As a realtors, we wear many hats! The services realtors offer can be multitudinous and definitely extend beyond the writing of contracts. Clients have commented that realtors occasionally perform their tasks acting more like teachers, psychologists, information service providers and even tour directors. For those out of town customers, the tour guide hat is an important one to wear, as it is fitting and appropriate to illuminate the highlights of a community, through its arts, culture, architecture, as well as to highlight the events that have created the cities reputation. Future members of a community are typically very interested in the life, energy and history of their new chosen city and Santa Barbara is certainly steeped in history. One of the most notable allures is the Santa Barbara mission, founded by the Franciscan order December 4, 1786. The Mission grounds occupy a rise between the Pacific Ocean and the Santa Ynez Mountains, and is the only mission to remain under the leadership of the Franciscan Friars since its founding.
The Santa Barbara Mission is one of 21 California missions, which were Spanish settlements developed by King Charles III, built between 1769 and 1823. The Spanish had previously claimed this land 200 years prior, however did not start settling it until they heard of the plans by other powers wanting to settle the area. The missions were a way of establishing claim to the area. They also insured a contiguous trade route along the coast.
A great adventure would be to follow the mission trail from north to south. Below is a detailed list starting with the most northern mission continuing on to the most southern. How long do you think it would take to visit all 21 missions?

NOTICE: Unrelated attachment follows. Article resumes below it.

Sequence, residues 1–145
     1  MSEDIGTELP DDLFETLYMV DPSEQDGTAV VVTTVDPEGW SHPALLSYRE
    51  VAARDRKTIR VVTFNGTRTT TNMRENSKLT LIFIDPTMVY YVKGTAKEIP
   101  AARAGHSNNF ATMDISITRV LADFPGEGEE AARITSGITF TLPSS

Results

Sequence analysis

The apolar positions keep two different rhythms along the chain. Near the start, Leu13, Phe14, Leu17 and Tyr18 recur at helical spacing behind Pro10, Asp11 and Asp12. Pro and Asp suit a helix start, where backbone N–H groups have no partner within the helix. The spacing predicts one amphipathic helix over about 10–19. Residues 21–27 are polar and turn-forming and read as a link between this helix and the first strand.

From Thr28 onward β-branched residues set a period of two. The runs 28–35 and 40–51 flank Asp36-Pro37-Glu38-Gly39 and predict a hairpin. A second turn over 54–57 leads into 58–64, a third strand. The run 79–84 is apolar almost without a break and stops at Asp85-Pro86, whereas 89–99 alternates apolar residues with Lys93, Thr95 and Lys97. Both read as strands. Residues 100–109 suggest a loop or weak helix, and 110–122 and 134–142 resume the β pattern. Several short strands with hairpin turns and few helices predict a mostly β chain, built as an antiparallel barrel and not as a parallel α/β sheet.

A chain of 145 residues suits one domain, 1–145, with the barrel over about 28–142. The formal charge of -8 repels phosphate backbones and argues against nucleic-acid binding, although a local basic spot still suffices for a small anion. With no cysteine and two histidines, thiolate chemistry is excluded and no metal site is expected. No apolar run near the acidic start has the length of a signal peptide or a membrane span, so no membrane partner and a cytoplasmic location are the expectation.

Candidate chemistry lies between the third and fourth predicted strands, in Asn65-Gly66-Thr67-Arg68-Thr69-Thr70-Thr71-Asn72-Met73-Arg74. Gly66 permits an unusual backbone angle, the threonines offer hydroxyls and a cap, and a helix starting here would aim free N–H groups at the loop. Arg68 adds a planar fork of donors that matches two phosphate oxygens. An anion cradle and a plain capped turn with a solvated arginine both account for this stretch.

- Mission San Francisco Solano, located in the wine country of Sonoma. It was the last of the 21 missions to be built.
- San Rafael Arcángel, currently used for special events and is part of the Roman Catholic Archdiocese.
- Mission Dolores in San Francisco, the most authentic of all the 21 missions. Founded by Father Junipero Serra; it is the oldest standing building in the city of San Francisco and survived the 1906 Earthquake.
- Mission San Jose, located in Fremont. Mission San Jose was named after the husband of Mary, Saint Joseph.
- Mission Santa Clara, built from the traditional quadrangle layout, enclosed in a four sided structure. Make sure to look for the four bells, one of which was donated by King Charles IV of Spain.
- Mission Santa Cruz, here you will see an authentic adobe.
- San Juan Batista, used as the setting in Alfred Hitchcock’s production of Vertigo.
- Mission San Carlos Borremeo de Carmelo, one of the most charming missions with its original artifacts and beautiful artwork.
- Mission Soledad, again beautiful works of art.
- San Antonio de Padua, known for music, as seen from the music notations on the walls of their museum.
- Mission San Miguel, damaged from the 2003 earthquake, so most of the mission is closed.
- Mission San Luis Obispo, still has the central church and has been active for 60 years.
- La Purisima, Solvang, rebuilt in 1942, has been restored; not currently active.
- Santa Ines, notice the traditional quadrangle housing area and the wonderful well preserved grounds.
- Mission Santa Barbara, which has an excellent museum and beautiful Moorish fountain located at the front of the church.
- San Buenaventura, has been nicely restored with small museum.
- San Fernando Rey, is a big church and don’t miss the Convento, or long house, the museum and spectacular church.
- Mission of San Gabriel, looks like a beautiful fortress with a very impressive church.
- Mission San Juan Capistrano, the most visited mission and contains the original Serra Chapel and lovely gardens.
- San Luis Rey & San Antonio de Pala Asistencia, known as king of the missions.
- San Diego de Alcala, original site of the first mission and presidio in California.